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Antoine Prophete v. United States of America


October 19, 2011


The opinion of the court was delivered by: Seybert, District Judge:


Antoine Prophete ("Petitioner") petitions this Court for an order expunging his 1978 conviction for narcotics-related offenses, arguing chiefly that he has been humiliated by the conviction (Docket Entry 1), he has "proved his integrity" for the past thirty-two years (Docket Entry 1-2 at 1), and his conviction has prevented him from practicing medicine in the United States or travelling to visit his sister in Canada (id. 3). Petitioner's request is DENIED. "While courts have the power to order expungement, the Second Circuit has cautioned that such power should be exercised only in 'extreme circumstances.'" United States v. McFadzean, No. 93-CR-0025, 1999 WL 993641, at *2 (S.D.N.Y. Nov. 2, 1999) (quoting United States v. Schnitzer, 567 F.2d 536, 539 (2d Cir. 1977));

United States v. James, No. 97-CR-0715, 2003 WL 21056989, at *2 (E.D.N.Y. Feb. 13, 2003); United States v. Fields, 955 F. Supp. 284, 285 (S.D.N.Y. 1997) (expungement is only appropriate in unusual or extreme cases). It is an "extreme, and rare, remedy," McFadzean, 1999 WL 993641, at *3, and it has typically been reserved for cases where the underlying arrest was unconstitutional or where a defendant's records have "been misused by the government," id. at *2. In extraordinary cases, expungement may be warranted where the underlying conviction was valid and no government misconduct is involved, id. at *2, but only if a petitioner can satisfy an exceedingly stringent standard, see id. at *3.

Petitioner has not made a convincing attempt to challenge his conviction,*fn1 and he has not demonstrated that expungement is appropriate here. Petitioner's travel restrictions do not warrant relief. See Akwurah v. United States, No. 99-MC-0045, 1999 WL 390832, at *1 (E.D.N.Y. Mar. 21, 1999) (petitioner's impending deportation did not warrant expunging his nine-year-old conviction for importing heroin). Nor does his inability to practice medicine in the United States. See Gonzalez v. United States, No. 10-MC-0547, 2010 WL 5860297, at *2 (E.D.N.Y. Nov. 22, 2010) (report and recommendation) adopted by 2011 WL 705399 (E.D.N.Y. Feb. 17, 2011) ("Absent any issue with the record's accuracy, courts have almost uniformly rejected adverse employment effects as grounds for expungement." (quotation marks omitted)); Fields, 955 F. Supp. at 285 ("[T]he difficulties faced by Fields in finding and keeping a steady job do not rise to the level of extreme circumstances required before a court will exercise its inherent power to expunge." (quotation marks omitted)); United States v. Bryde, 914 F. Supp. 38, 39 (N.D.N.Y. 1996) (denying expungement where a licensed nurse argued that the record of her conviction would impair future professional opportunities); see also United States v. Ortiz, No. 86-CR-0836, 1999 WL 92281, at *1 (S.D.N.Y. Feb. 18, 1999) (denying expungement where petitioner sought to "obtain better employment"). Petitioner's embarrassment is also insufficient reason to expunge his record. See Gonzalez, 2010 WL 5860297, at *2 (denying expungement where petitioner argued that his criminal record caused him embarrassment and limited his employment prospects). In sum, Petitioner has not demonstrated the extraordinary circumstances that would justify expunging his criminal record.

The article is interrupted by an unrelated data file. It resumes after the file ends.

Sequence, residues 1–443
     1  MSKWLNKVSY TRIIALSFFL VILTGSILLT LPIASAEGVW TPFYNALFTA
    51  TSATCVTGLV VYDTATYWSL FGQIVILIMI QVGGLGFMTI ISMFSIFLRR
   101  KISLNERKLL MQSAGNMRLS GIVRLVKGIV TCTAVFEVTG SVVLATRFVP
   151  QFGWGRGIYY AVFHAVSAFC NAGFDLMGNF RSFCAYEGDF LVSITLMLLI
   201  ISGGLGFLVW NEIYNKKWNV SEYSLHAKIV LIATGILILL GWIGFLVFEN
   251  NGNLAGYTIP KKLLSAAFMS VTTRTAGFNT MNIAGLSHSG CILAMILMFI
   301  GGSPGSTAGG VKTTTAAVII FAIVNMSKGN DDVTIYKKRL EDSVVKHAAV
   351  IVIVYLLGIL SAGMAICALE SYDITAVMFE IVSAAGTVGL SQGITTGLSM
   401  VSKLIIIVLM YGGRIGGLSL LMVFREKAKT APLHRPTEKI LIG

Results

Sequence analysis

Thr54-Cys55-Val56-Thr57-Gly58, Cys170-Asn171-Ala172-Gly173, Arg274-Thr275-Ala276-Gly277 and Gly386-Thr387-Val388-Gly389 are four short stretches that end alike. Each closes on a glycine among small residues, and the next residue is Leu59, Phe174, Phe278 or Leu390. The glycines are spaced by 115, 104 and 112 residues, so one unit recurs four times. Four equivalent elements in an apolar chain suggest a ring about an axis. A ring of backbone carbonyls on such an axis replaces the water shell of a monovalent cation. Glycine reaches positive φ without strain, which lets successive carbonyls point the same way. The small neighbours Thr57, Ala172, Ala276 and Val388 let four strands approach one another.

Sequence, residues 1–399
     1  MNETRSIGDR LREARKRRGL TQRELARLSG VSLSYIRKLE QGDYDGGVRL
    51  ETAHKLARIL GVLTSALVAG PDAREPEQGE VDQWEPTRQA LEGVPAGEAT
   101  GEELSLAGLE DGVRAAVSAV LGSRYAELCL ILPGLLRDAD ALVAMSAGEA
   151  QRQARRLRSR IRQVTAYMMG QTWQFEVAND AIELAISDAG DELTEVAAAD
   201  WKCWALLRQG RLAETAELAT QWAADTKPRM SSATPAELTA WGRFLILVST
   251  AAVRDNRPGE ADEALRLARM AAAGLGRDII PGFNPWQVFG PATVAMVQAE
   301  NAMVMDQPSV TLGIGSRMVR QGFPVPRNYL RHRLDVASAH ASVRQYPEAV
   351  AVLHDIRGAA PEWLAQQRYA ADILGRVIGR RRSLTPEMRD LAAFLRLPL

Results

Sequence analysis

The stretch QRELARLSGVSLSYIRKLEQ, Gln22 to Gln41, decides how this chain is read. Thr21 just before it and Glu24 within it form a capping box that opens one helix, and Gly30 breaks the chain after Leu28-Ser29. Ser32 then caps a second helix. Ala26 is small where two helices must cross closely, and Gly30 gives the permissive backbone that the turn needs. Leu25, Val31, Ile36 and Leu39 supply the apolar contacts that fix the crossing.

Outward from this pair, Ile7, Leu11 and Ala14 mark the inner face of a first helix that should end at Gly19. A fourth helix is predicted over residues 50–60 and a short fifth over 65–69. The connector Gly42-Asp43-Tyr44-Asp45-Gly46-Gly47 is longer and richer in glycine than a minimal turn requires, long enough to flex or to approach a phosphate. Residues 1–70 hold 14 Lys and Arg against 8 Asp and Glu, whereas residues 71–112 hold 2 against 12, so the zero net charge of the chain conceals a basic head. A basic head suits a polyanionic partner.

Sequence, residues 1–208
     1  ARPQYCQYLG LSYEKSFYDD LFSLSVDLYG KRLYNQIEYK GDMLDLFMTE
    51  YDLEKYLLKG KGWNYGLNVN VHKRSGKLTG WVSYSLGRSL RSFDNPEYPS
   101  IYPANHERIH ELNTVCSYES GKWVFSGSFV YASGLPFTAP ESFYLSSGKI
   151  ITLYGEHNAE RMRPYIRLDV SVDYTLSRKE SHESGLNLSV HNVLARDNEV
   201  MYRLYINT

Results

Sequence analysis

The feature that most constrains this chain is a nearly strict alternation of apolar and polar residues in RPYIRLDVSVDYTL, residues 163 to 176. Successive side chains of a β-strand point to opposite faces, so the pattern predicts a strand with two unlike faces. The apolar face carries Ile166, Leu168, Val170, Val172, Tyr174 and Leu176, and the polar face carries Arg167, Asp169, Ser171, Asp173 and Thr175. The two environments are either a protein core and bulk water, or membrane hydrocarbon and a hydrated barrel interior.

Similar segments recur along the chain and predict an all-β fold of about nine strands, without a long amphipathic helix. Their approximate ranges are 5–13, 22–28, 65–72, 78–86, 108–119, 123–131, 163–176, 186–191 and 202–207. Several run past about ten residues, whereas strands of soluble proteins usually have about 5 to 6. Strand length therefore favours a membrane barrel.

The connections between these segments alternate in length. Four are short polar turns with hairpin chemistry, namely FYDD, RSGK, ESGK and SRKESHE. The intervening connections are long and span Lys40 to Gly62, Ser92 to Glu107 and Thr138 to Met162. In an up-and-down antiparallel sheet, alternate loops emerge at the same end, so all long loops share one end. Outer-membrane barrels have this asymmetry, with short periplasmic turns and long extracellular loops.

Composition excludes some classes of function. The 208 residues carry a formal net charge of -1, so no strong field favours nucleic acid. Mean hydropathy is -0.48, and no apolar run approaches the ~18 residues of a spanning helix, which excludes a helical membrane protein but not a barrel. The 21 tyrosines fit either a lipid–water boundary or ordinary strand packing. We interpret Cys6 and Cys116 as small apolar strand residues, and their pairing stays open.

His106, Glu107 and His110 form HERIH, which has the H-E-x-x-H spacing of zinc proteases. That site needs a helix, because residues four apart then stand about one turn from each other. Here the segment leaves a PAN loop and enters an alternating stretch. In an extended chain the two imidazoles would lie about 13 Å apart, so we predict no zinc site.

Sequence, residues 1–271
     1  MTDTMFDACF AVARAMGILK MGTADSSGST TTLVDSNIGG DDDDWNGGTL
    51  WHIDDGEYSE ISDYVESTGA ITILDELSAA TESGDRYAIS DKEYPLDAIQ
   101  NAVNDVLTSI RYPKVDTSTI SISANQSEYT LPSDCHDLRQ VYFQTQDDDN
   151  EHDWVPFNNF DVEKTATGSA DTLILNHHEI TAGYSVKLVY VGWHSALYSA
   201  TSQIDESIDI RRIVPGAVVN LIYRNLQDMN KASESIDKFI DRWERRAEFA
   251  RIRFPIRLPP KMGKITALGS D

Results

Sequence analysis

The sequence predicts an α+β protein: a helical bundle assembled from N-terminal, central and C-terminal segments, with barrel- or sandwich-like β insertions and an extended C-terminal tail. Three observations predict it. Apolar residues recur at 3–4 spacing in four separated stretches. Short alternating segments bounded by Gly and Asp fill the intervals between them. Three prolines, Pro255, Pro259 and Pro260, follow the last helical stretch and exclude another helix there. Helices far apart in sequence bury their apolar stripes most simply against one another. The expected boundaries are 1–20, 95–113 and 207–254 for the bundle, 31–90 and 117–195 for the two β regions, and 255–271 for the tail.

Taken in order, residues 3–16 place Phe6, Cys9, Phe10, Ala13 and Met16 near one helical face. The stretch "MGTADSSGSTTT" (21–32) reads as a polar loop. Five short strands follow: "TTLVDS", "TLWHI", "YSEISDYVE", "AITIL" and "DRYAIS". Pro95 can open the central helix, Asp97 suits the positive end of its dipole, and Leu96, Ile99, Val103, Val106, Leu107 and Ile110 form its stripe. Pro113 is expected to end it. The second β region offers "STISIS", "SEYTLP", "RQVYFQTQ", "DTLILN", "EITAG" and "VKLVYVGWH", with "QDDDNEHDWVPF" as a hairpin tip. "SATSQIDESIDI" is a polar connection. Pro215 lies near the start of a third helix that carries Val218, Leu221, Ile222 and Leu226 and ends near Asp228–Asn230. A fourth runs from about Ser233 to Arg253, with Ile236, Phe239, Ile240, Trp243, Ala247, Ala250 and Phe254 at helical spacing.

For the foregoing reasons, Petitioner's motion to expunge his criminal record is DENIED. The Clerk of the Court is respectfully directed to mail Petitioner a copy of this Order and to mark this matter CLOSED.


Joanna Seybert, U.S.D.J.

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